The Traffic Stop Stickler and Three Stupid Things They Say

You know what never ceases to amaze me?  No, it wasn’t the traf­fic stop with the 18-year-old hooker with the love child…although that’s an amus­ing tale.

traffic stop

No, what never ceases to amaze me is when I’m try­ing to con­duct a traf­fic stop and sud­denly the dri­ver of the vehi­cle I’m attempt­ing to stop becomes a com­plete stick­ler for the rules of the road.

Case in point:

I recently stopped some­one for speed­ing.  I pulled out and hit the emer­gency lights. The vehi­cle just kept on a-goin’.

What the hell?!?

Upon the even­tual con­tact, I asked the dri­ver why they didn’t stop when they saw the pretty lights and heard the loud ass siren.

Here are three of the dumb­est things I’ve heard on a traf­fic stop as excuses for not stopping:

  1. The curb was red.  Really?!?  The noise and strobes behind you don’t trump the red curb?  God for­bid you use some com­mon sense and think that per­haps I have rear lights to indi­cate to approach­ing traf­fic to take car whilst I crush your soul.
  2. I didn’t think it was safe. I don’t care what you think is safe.  And by the way, I typ­i­cally don’t turn on my lights until I want you to stop…which is usu­ally right where you are!  Also, when you don’t stop, it makes it less and less safe as time goes on.  Because I assume you are hid­ing your kilo of coke and your sawed-off shotgun.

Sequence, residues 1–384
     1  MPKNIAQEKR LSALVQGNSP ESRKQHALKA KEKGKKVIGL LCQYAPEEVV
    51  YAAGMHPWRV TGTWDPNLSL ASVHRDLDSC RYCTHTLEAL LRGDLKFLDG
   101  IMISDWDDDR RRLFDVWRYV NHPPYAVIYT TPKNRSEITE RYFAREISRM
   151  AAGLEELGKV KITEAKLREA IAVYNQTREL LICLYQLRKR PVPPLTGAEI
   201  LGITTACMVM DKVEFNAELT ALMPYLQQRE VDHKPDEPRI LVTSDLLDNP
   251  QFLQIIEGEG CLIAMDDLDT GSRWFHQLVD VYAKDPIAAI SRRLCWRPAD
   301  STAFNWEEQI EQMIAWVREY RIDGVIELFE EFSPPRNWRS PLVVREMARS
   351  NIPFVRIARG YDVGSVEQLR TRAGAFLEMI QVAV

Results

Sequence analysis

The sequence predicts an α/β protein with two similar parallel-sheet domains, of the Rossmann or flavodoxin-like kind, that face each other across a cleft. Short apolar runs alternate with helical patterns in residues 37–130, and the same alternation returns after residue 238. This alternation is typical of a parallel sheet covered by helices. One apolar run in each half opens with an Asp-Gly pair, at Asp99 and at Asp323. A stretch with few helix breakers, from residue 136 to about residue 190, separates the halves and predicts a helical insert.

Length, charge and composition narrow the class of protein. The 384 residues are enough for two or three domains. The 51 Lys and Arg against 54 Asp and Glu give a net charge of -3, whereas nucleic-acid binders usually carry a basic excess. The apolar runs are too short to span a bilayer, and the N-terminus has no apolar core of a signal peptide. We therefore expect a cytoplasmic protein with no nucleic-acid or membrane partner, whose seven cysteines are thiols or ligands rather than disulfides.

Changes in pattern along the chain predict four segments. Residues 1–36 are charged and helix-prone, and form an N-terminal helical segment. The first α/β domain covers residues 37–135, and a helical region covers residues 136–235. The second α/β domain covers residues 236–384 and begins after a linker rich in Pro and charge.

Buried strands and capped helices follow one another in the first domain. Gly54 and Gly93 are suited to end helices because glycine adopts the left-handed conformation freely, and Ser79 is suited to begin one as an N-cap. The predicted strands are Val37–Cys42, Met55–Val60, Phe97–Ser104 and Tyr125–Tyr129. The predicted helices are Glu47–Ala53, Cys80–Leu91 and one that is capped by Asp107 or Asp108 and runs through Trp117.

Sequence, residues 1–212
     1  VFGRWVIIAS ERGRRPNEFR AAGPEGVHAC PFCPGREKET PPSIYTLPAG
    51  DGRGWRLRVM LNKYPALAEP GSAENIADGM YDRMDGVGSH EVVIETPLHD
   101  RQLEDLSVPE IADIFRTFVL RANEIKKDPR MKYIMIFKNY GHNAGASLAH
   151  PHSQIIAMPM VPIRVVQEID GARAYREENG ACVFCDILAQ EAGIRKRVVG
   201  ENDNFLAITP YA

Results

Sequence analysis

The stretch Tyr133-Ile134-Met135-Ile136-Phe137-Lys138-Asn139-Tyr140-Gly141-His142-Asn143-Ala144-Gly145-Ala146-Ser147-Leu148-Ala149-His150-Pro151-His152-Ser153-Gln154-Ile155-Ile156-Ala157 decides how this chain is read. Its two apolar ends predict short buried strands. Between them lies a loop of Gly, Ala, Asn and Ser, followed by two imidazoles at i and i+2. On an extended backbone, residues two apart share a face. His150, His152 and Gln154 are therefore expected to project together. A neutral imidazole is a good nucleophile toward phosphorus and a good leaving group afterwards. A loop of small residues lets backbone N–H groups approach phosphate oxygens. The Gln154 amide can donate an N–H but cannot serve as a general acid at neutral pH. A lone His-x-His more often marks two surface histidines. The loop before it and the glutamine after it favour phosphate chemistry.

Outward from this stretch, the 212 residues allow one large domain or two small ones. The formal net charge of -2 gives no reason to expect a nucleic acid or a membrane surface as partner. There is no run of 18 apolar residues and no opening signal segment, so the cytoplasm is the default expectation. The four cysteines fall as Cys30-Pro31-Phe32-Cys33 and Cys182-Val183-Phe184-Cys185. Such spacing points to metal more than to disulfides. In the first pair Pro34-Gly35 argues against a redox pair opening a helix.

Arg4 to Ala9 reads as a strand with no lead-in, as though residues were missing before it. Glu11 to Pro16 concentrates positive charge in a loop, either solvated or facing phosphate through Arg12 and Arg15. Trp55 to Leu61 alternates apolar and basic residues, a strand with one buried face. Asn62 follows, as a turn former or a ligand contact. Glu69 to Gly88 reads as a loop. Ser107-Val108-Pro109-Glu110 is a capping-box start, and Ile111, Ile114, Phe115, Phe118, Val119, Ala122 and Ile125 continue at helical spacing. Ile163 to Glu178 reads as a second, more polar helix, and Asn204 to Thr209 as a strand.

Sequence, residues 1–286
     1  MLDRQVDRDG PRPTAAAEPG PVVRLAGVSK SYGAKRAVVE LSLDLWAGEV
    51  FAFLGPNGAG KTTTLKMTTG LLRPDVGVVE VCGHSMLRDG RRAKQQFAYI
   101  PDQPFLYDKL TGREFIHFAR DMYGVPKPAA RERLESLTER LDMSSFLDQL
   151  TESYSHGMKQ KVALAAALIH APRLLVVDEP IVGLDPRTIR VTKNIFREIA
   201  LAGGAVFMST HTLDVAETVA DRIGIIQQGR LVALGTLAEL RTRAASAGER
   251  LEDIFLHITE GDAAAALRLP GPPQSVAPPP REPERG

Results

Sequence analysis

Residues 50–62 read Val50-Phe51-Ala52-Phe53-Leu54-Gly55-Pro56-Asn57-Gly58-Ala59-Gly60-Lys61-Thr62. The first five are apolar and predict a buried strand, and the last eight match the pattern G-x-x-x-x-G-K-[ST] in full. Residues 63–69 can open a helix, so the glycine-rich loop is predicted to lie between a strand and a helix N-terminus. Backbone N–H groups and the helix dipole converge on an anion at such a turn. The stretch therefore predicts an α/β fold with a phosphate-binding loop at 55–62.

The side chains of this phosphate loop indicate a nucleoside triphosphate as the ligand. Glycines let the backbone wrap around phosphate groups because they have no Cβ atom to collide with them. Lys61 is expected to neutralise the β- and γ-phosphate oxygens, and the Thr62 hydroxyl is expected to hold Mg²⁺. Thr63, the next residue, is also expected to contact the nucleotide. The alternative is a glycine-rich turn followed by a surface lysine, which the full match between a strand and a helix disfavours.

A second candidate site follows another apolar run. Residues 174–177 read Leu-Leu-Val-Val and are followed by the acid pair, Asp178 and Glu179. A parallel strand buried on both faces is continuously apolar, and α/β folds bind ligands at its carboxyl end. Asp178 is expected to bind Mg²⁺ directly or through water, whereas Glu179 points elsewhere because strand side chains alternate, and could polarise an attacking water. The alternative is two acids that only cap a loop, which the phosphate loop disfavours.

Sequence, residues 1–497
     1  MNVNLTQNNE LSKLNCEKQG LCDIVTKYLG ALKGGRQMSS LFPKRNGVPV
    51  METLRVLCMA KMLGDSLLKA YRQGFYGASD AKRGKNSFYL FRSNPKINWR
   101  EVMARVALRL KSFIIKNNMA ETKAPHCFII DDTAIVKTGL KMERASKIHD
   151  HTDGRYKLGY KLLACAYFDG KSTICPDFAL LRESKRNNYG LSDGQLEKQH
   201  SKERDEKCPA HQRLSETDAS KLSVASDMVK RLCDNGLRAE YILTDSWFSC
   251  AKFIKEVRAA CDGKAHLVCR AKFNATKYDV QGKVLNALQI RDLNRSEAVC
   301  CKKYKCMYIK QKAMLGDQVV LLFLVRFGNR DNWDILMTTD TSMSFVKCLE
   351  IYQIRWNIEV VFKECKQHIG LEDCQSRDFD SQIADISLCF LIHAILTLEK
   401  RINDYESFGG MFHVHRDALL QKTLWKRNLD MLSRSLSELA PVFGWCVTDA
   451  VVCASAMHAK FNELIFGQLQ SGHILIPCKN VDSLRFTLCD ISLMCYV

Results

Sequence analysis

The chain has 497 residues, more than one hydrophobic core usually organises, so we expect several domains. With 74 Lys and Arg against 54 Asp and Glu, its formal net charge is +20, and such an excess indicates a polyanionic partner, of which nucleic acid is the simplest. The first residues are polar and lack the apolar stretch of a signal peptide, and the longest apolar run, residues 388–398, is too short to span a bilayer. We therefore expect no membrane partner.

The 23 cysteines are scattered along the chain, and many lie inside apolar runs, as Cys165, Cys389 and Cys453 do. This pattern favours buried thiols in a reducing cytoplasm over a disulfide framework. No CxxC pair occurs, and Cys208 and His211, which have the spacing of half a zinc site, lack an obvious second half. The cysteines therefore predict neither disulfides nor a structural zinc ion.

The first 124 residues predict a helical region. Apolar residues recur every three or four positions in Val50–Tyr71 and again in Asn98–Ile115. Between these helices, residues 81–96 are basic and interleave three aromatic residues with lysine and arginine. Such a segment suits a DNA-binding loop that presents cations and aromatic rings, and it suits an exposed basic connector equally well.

3. I was in the left lane, so I thought I’d con­tinue my left turn and pull off the main road.  Well, far be it from me to dis­suade you from your cur­rent course and/or destination…oh, no.  Wait.  That’s exactly what I’m try­ing to do!

Good Lord, people.

The vehi­cle code (at least in the great state of CA…but I imag­ine other 49 have a sim­i­lar statute) requires you to “imme­di­ately drive to the right-hand edge or curb of the high­way, clear of any inter­sec­tion, and therupon shall stop and remain stopped…” (CVC 21806(a)(1)) when a traf­fic stop finds you.

Remem­ber that place on your license with your sig­na­ture?  Yeah, that is more or less your acknowl­edge­ment that you are aware of and under­stand the rules of the freak­ing road.

So, do me a favor Mr/Ms Sud­den Stick­ler of the Law, when you see the flashy-flashies come on behind you, it would behoove you to pull to the right and wait nice and patient-like for me to make contact.

If you just keep on cruis­ing along on your whim, you may just see an extra vio­la­tion on your inevitable citation.

I am a motor officer, blogger, and financial coach. I help first responders create a unique and specific personal finance spending plan so they can improve their quality of life, reduce the necessity of overtime, and spend more time with their families.

Please note: I reserve the right to delete comments that are offensive, off-topic, or just simply stupid. Snark, however, is not only welcome, but encouraged. Cheers...

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12 thoughts on “The Traffic Stop Stickler and Three Stupid Things They Say